Other degree of deformation or stretching sensors may alternately be provided. When the samples are only measured or analyzed when they are at their maximum stretch positioning, the deformation sensor need only sense when the movable bar is at the corresponding extreme of movement. This can be done with a mechanical sensor, such as an adjustably positionable limit switch, an LDVT, other types of optical sensors, a magnetic and reed switch arrangement, or the like for detecting the position of the movable bar 12. As yet another alternative, the position of the cam 22 may be monitored. The cam itself may be monitored either optically or mechanically, or a rotational position encoder on the shaft of the motor 24 can provide an indication of when the cam has forced the movable bar to the appropriate extreme of motion.

The positioning means B includes an electric motor 40 which rotates a screw 42 which drives a follower 44 along an axis parallel to the bars 10, 12. The video camera C is mounted to the follower 44 by an extension 46 to position the camera such that it selectively focuses on a region of each test sample adjacent the cut. A relative position measuring means 48, such as an annular position encoder measures the position of the camera along the longitudinal axis. That is, from the number of rotations of the screw 42, the direction of rotation, and the pitch of the threads, the position of the follower 44, hence the video camera C is accurately determined.

Other positioning means may, of course, be provided, For example, the follower may be moved by a pneumatic or hydraulic extensible ram, by a belt or chain, with servo motors, or the like. Moreover, a vertical positioning means may be provided along support 46 for selectively raising and lowering the position of the video camera. For example, a second bank of sample mounting rods may be mounted above or below the illustrated bank. The second bank of samples may be interconnected to be reciprocated by motor 24 or may include a second reciprocating means. The camera may, thus, be positioned both axially and vertically to accommodate the two dimensional array of samples.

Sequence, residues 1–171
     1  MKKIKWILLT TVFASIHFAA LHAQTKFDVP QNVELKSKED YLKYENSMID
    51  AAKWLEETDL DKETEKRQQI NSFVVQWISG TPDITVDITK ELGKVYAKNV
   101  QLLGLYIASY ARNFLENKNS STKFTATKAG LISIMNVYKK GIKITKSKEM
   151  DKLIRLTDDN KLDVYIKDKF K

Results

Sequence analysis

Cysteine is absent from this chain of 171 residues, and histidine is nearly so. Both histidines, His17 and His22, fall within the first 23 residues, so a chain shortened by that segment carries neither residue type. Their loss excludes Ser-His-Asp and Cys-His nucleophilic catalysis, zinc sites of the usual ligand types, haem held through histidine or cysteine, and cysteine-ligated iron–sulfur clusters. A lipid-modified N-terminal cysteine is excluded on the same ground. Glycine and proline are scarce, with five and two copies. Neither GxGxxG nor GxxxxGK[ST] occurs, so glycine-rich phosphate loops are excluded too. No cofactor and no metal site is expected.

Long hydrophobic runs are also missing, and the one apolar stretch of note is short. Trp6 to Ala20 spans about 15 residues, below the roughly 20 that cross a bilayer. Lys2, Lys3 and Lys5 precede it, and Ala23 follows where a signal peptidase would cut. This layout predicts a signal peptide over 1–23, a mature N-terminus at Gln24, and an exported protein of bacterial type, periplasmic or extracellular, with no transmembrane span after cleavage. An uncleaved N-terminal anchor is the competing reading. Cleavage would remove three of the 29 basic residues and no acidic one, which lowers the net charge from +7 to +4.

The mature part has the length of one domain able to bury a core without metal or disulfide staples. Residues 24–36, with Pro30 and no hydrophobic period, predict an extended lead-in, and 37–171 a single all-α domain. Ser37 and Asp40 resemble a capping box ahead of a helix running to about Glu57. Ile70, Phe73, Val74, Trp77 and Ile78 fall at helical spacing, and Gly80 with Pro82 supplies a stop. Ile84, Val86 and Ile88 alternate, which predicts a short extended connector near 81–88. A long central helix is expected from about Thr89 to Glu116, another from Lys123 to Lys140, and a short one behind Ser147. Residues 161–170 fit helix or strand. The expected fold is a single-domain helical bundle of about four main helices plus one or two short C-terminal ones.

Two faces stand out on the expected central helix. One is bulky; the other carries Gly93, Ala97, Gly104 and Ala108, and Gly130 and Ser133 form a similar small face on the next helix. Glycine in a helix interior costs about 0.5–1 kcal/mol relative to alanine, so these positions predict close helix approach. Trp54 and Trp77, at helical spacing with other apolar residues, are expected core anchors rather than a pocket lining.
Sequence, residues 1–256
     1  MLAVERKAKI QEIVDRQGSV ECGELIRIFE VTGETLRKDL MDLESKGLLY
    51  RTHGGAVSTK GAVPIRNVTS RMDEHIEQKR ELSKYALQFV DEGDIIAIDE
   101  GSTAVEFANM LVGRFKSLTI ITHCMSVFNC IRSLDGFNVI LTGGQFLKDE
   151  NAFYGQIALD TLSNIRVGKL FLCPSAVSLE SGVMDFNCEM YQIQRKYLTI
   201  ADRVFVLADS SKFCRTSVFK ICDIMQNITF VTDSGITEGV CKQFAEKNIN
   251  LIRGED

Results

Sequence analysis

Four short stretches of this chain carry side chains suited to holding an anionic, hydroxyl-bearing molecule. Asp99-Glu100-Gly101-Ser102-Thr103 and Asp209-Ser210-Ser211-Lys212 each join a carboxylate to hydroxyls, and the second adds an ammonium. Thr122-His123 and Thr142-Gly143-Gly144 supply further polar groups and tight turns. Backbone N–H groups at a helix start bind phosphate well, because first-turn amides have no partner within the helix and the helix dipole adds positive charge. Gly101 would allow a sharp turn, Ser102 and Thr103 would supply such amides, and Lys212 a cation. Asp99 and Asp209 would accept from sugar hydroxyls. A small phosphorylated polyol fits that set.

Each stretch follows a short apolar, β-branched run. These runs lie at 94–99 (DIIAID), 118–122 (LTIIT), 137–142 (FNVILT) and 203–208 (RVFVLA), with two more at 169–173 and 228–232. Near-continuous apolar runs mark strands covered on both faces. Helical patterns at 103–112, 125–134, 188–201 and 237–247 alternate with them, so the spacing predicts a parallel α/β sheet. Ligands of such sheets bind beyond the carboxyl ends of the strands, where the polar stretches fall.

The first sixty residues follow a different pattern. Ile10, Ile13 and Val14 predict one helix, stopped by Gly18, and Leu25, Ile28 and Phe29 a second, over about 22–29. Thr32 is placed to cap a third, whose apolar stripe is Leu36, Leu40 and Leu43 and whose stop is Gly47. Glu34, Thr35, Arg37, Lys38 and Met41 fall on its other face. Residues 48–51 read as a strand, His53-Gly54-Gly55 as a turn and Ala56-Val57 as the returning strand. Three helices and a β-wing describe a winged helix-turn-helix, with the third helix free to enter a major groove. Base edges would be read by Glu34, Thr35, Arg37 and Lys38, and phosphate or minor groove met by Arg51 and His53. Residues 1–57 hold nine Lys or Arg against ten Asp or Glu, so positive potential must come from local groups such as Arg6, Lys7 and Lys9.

The video camera C has a two dimensional array of image sensing elements such as CCD's or other diodes. Light passing through the cut 18 from an illuminating means 50 is focused by the camera lens on the two dimensional sensor array. With the backlit embodiment in the preferred embodiment, the camera sees either white light passing through the cut or black shadow where the sample is intact. No gray scales are necessary. Accordingly, the sensor array is configured and biased such that the output from each element of the array assumes one of only two states, (i) zero or black and (ii) one or white. With backlighting provided by a standard fluorescent tube and two 128×256 arrays, the image is acquired in about 10 milliseconds. However, the exposure time may be selected in accordance with the stretching speed, the lighting intensity, camera sensitivity, and the like to reduce the exposure time as to short as one millisecond. This enables the cut length to be captured at the point of maximum sample extension.

With reference to FIG. 2, each sample 16 is precut at 18 substantially a selected distance. The sample has a rest width Wo before being cut and at regions away from the cut, e.g. 25 mm. The sample has a minimum width Wmin at the cut which width decreases as the cut increases in length. Adjacent the cut, the width of the sample flares out in small lips 52 such that the sample has a width Wmax. The applicants determine the cut length Lc by subtracting the minimum width Wmin from the maximum width Wmax, i.e.:

Lc =Wmax -Wmin                              (1).

The two dimensional array of the video camera C is arranged such that video signal or data lines of pixel values extend parallel to the widths Wmin and Wmax. The line of the image which has the most white or fully illuminated pixels is the line which represents Wmin and the line with the largest number of black pixels is the line which represents the dimension Wmax. The control means D includes an appropriate temporary storage memory 60 to receive each image representation. A maximum width determining means 62 determines Wmax and a minimum width determining means 64 determines Wmin. A subtracting means 66 performs the subtraction of Equation (1) and stores the resultant cut length in a cut length memory 68 in conjunction with a sample identification and a sampling time or cycle.